As part of his Appalachian Manufacturing Award from RCBI, Nate was awarded technical and manufacturing assistance to refine the production process. He worked with RCBI Design Engineer Morgan Smith to develop a new procedure for shaping the wood into the hoops for the nets.

The original process involved driving pegs into a form in the shape of the hoop and handle, then bending the wood using the pegs and a series of shims. Smith created 3D computer models of a new hinged jig that allows the wood to be shaped without the use of pegs and shims, greatly expediting the bending process. The new form then was manufactured on equipment at RCBI, cutting the time to bend five frames from 10 minutes to two-and-one-half minutes. “That’s a 400 percent increase in efficiency,” Nate explained. “I’m very happy with how the project turned out.”

Nate’s Nets offers three lengths of nets: 24-, 36- and 48-inches long and different diameters for the nets themselves, depending on the angler. “A trout fisherman would want a short-handle with a smaller [diameter] net while a bass fisherman is going to want a larger net size with a short, medium or even long handle depending on whether the angler is in a boat or streamside,” Nate explained.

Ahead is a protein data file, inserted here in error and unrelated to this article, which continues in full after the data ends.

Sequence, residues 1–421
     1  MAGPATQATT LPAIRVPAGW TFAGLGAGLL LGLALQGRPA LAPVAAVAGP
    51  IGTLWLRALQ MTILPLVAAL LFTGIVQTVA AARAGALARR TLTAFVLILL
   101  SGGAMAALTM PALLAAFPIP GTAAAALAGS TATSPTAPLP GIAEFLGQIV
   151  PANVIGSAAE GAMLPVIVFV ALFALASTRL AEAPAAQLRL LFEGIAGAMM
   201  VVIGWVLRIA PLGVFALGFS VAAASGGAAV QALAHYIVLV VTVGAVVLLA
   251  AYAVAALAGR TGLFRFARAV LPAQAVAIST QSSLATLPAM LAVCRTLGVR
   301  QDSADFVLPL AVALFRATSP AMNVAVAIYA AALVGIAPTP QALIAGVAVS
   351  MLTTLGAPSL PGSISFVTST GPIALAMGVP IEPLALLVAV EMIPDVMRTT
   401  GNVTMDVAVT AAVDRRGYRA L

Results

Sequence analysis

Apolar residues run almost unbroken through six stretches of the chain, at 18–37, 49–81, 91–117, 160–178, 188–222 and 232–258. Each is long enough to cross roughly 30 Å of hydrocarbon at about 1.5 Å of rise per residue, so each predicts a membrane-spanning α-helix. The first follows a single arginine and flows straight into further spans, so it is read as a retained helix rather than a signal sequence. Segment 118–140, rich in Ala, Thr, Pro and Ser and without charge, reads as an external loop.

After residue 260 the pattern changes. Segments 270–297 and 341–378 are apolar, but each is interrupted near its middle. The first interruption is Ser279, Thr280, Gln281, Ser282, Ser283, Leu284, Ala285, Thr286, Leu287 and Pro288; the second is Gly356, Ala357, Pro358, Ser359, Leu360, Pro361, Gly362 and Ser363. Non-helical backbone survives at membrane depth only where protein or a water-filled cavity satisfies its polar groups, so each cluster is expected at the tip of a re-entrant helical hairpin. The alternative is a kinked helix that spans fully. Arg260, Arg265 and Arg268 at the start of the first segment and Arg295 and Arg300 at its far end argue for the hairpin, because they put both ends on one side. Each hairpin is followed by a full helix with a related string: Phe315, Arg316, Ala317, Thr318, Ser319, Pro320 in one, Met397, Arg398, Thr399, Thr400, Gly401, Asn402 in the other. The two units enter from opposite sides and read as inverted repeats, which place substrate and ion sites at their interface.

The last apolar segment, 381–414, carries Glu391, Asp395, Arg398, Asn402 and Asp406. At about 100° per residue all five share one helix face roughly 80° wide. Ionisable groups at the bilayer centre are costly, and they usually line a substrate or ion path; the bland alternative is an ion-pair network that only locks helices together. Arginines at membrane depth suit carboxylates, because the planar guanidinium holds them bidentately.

Most of the nets created by Nate and his father are custom jobs. They get to know clients, learn about their interests, ask them about their likes – and dislikes – then begin crafting nets based on what they learn about the customers. Sometimes the outcomes are exotic in nature.

“For an individual who likes to hunt big game in Africa, we custom-created nets from purple heart, bubinga and ipee – three African hardwoods with beautiful grains,” Nate said. “For a customer out west, we made a net using ironwood sourced from the desert. It’s wood that basically gets petrified.